To work with the precedent hypothesis, it will be described in parallel with aspects of two periods of the cultural production of our country:

- the Brazilian Modernist movement that began with the 1922's Week of Modern Arts; and
- the current period of artistic production that is called Post-modern.

Those periods will be observed through extracts of manifestos and through specialists critics, the modifications suffered by art expressions in each period, will be analyzed viewing also to the sociocultural context and the subjectivities which produces and which are produced from each one of them. 

To this end, we will work with extracts of four manifestos published by the beginning of the Modernist movement. The reason for this choice is that these extracts are considered the most representative and are also illustrative of several tendencies of the Brazilian Modernism.

Are they:

- Manifesto da Poesia Pau-Brasil (Oswald de Andrade, 1924);
- Manifesto Regionalista de 1926/1952 (Gilberto Freyre, 1926/1952);
- Manifesto Antropófago (Oswarl de Andrade, 1928; and
- Manifesto Nhengaçu verde-amarelo (vários, 1929).

In addition to these manifestos, we will use also some examples of the contemporary artistic production.


  Post-Fordism, State and Culture Financing: The Portuguese Case
Eduardo Brito Henriques, Portugal

Abstract: This study intends to analyze the recent changes in state attitude and intervention in the cultural field, related to the theories on the crisis of the Fordist state developed in the French school of Regulation. With the Portuguese case study as the starting point, it is intended to ascertain whether the changes occurred in cultural policies since the mid-80's agree with what could be the cultural logic of a supposedly Post-Fordist state.


  Arts management and cultural administration in Southeast Asia
Elmar Beltran Ingles, Southeast Asia

Abstract: not available


  Culture and Tourism - The marketing of culture
Taina Järvinen & Johanna Grönberg, Finland

Abstract: not available


  Public Sector and Cultural Industry
Hannele Koivunen & Tanja Kotro, Finland

Abstract: The share of immaterial commodities is growing in the international markets, mainly thanks to the global market inherent in information networks. The progress towards global markets also involves a number of threats, especially growing economic, regional and contextual concentration and uniformity in the world. Though, globalisation is also an opportunity of the cultural industry, because it widens access to markets. As one of the post-industrial design intensive fields, the cultural industry can be expected to keep growing. The number of small and medium-sized enterprises will probably grow in Finland, too. Today cultural industry is characterized by networking, flexible action models, small enterprises, and the use of information technology. These activities generate different material and immaterial cultural products. Public sector should be able to promote these activities.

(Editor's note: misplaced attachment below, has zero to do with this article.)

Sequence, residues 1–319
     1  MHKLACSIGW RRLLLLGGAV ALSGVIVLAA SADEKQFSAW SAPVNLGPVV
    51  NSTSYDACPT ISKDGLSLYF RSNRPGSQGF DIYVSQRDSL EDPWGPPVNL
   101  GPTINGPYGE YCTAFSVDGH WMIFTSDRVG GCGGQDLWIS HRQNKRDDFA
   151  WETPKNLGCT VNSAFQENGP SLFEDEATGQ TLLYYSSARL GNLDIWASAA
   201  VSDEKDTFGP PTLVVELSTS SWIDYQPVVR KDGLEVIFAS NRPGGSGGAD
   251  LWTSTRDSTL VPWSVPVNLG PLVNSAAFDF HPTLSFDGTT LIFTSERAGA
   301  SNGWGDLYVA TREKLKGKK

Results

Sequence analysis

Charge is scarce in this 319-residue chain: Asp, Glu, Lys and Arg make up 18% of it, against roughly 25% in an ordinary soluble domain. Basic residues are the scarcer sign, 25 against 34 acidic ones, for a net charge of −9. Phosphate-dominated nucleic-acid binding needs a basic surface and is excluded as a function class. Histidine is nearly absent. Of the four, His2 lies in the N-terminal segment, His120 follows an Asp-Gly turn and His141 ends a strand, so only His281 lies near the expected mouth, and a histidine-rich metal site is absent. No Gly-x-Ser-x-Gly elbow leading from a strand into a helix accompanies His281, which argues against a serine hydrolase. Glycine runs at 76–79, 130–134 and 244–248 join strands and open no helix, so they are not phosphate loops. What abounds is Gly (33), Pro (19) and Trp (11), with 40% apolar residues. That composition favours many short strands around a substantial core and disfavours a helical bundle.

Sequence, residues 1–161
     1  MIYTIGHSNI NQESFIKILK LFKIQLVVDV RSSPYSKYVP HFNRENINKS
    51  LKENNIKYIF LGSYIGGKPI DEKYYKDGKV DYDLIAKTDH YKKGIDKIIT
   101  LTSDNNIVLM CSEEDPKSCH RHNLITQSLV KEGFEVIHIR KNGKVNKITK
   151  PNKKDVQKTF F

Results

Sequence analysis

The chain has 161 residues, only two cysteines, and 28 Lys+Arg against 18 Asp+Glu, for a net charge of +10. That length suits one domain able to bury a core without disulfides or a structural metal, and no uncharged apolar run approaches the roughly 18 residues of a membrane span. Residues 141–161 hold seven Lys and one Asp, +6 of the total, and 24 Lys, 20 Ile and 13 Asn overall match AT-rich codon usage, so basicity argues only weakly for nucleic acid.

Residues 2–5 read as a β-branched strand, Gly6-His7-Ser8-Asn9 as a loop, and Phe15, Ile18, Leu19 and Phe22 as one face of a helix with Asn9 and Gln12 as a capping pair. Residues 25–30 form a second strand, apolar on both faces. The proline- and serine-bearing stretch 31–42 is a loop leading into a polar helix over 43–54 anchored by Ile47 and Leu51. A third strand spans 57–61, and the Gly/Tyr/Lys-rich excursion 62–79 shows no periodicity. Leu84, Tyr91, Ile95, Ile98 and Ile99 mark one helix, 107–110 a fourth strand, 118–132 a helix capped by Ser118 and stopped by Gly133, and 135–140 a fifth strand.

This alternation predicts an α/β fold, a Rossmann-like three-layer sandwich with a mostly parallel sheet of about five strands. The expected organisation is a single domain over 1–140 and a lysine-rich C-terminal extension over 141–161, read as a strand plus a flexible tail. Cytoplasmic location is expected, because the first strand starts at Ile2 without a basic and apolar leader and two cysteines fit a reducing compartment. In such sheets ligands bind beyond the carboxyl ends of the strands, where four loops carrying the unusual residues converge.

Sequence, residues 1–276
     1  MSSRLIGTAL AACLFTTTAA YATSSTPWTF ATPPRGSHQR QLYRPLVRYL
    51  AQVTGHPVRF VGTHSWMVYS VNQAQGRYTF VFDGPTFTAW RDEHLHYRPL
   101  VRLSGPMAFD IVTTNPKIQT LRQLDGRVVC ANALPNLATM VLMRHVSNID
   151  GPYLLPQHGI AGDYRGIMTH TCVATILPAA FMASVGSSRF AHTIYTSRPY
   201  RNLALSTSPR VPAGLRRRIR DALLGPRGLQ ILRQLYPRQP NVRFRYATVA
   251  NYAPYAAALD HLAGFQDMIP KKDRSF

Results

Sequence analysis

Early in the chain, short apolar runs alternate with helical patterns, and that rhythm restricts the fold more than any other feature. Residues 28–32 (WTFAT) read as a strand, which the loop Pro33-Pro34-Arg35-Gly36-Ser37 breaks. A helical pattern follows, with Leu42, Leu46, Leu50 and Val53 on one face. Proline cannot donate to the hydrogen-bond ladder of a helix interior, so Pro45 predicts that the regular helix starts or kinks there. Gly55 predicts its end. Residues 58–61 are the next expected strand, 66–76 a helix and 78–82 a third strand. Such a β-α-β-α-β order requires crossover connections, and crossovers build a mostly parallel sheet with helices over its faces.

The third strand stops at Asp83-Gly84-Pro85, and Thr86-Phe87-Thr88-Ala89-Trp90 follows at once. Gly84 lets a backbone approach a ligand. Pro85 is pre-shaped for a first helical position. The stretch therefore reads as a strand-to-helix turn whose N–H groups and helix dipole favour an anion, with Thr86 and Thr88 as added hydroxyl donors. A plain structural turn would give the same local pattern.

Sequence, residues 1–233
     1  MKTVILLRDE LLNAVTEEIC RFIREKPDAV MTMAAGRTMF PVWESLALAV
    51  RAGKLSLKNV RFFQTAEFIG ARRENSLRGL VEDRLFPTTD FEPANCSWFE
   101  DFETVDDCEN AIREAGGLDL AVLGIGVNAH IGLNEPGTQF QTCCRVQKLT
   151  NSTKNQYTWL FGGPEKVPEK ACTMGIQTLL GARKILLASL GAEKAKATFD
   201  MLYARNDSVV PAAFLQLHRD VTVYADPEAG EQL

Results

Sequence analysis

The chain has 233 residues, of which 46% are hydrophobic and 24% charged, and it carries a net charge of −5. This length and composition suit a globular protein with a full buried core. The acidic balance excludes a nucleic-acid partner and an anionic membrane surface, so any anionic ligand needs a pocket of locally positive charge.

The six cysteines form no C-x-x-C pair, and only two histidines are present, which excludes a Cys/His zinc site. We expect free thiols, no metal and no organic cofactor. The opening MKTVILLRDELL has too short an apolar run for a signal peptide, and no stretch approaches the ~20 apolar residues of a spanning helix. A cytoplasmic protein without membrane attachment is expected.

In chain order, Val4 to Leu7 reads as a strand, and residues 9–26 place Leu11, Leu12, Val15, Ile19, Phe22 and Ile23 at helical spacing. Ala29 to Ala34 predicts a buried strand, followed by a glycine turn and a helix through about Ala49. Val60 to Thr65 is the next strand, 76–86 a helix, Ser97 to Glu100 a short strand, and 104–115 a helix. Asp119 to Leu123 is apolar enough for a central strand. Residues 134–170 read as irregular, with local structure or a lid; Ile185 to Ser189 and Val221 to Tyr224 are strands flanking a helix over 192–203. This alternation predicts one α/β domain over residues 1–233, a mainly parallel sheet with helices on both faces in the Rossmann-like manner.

The New Canadian Artists Labour Relations System
Benoît Laplante, Canada

Abstract: In Canada, the adoption of the recommendation on the status of the artist by UNESCO in 1980 furthered the creation of an original labour relations system for artists. This system, which originated in Quebec and was implemented at the federal level afterwards, is based in part on a previous system that covered only performing artists and existed without any special legal provision, but considerably extends and transforms some of its characteristics. The new system has been created through specific pieces of legislation, it concerns all artists, it imposes union monopoly on each artistic occupation, it forces producers who contracts with artists to create their own associations and compels these to collective bargaining with artists associations, and states clearly that despite all these provisions, artists are and remain self-employed. Although this system holds some very original and interesting features, could potentially change much of the day to day relations between producers and artists and is being put in place gradually since the end of the eighties, it remains virtually unknown, in Canada and abroad, except by the people who are closely involved in it.

This paper is the first part of an ongoing project that will examine the main features of the system and of its institutions, its historical background, the main steps of its implementation, the debates and disputes that arose form the recognition process of the various artists' and producers' associations and the problems surrounding the bargaining of some of the first collective agreements. In this introductory paper, we focus on the constitutional and legislative context of the system, as well as its main features and its institutions.


  Sustainable Partnership: Culture and Arts in the Preparation of St.Petersburg's Tercentenary and Creation of a Cultural Policy
Nina Lebedeva, Russia

Abstract: The article examines integrated questions concerned with the creation of a cultural policy in St.Petersburg and the preparation of the city's 300th anniversary in 2003. It uses the Strategic Plan for St.Petersburg as the foundation outlining the main directions of the city's development and basic principles of the jubilee's concept. The article also provides some information on the process of preparation for the 300th anniversary.


  Competition Policy and its Impact on the Queensland Performing Arts Industry
Lesley McLennan, Australia

Abstract: This research presents a preliminary examination of the impact that current changes in Australian federal, state and local governments through competition policy might have on productivity and social goals of subsidized performing arts companies. Nine performing arts organizations took part in a pilot survey which audited features of current organizational, financial, marketing, program and ethical behaviours in subsidized and non-subsidized performing arts organizations in Queensland, Australia.